Inclusion Leads to Full Life

Dean Gilbert, proponent of Accept Culture, passes at 82.

My father passed away recently. His funeral service was performed by a close friend, Lois Olmstead, who also performed my mother’s service 10 years earlier. It’s a fascinating experience to see the lives of your parents shared by someone who may have known them better than you. As children we never really know our parents as unique individuals. They’re just mom and dad. Parents give and children take.

I’ve always known my dad’s childhood was tough from a very young age. He herded sheep across miles of hills and prairie alone with his brother, who was just two years older.  He was 7. Often, during winters of the school year, he would stay in houses with other families who lived closer to the school. In these cases, he went weeks at a time without seeing his parents. This was ordinary life we can’t even imagine now.

During the funeral service Lois spoke of my dad’s attitude towards people. He was open to friendship with anyone. He was involved with so many groups and clubs in his home of Livingston, MT. He was a member of the American Legion, Park County Pioneers, the Cemetery Board, and the Clyde Park Old Settlers. This last group was special because he was a founding member in 1978. Old Settlers still holds their annual event every September. As part of these organizations he collected friends along the way.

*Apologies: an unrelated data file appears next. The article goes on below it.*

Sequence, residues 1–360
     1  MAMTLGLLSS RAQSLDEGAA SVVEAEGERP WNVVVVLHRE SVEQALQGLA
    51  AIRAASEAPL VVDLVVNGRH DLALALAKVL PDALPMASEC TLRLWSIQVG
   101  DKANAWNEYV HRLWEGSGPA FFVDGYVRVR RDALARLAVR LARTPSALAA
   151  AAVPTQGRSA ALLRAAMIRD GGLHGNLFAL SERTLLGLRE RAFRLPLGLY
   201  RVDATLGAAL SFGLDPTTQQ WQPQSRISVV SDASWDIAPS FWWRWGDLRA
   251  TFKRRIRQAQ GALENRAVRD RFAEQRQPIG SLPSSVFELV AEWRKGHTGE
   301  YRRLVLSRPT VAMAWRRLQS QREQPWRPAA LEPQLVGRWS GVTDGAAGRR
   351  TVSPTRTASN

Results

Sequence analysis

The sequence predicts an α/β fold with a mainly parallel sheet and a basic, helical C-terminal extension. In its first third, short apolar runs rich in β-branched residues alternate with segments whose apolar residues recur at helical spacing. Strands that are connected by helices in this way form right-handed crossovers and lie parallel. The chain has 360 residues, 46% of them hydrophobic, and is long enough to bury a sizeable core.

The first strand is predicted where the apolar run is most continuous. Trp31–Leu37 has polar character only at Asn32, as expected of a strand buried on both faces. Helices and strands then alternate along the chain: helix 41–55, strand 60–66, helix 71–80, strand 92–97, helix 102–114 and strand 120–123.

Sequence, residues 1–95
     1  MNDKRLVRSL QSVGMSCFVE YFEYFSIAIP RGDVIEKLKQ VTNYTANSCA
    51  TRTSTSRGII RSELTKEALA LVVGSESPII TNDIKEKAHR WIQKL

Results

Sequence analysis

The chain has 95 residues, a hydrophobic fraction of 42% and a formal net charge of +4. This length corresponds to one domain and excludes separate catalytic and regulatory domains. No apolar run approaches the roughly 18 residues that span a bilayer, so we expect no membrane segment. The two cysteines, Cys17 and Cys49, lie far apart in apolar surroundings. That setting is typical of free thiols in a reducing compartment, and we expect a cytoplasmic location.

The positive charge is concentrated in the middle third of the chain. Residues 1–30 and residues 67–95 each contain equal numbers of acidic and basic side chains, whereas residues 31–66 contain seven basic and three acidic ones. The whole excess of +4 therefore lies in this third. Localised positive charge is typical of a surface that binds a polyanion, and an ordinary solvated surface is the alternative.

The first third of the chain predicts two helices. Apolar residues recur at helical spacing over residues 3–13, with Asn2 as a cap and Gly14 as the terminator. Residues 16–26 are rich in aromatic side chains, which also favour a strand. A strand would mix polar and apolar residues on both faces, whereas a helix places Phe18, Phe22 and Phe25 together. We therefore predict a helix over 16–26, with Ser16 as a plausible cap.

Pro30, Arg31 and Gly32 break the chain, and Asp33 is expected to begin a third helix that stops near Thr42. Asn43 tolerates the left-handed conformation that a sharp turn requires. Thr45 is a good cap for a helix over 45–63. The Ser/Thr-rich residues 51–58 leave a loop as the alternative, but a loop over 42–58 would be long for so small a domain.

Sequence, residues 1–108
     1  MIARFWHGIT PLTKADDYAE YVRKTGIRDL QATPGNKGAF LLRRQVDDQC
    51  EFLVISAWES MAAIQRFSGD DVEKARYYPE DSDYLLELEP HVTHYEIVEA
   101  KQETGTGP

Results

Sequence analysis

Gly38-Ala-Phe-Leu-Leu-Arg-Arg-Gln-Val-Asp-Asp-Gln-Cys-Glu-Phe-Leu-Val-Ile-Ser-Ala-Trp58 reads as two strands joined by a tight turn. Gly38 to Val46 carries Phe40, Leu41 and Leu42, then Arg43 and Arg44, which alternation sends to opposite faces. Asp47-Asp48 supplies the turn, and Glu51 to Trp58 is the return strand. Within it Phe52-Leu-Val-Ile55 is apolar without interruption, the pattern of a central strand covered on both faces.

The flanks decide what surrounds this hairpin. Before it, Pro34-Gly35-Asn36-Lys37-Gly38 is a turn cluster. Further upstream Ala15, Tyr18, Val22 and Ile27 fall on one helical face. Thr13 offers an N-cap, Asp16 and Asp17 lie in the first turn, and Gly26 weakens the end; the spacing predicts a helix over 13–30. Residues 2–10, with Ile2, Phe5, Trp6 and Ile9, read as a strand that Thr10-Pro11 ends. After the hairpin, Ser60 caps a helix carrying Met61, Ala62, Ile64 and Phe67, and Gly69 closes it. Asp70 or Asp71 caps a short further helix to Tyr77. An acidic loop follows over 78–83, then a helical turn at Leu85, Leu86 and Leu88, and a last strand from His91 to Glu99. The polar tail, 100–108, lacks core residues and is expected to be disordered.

He was a fabulous storyteller. Everybody could listen. He was genuine and sincere. So many, including myself, will often embellish a story. Others will always come up with something to top any story you might have. Not him. He was a genuine Montana cowboy. Always a gentlemen because he knew of no alternative. Always the first to help if you needed it. A sincere man who included everyone in his circle of friends.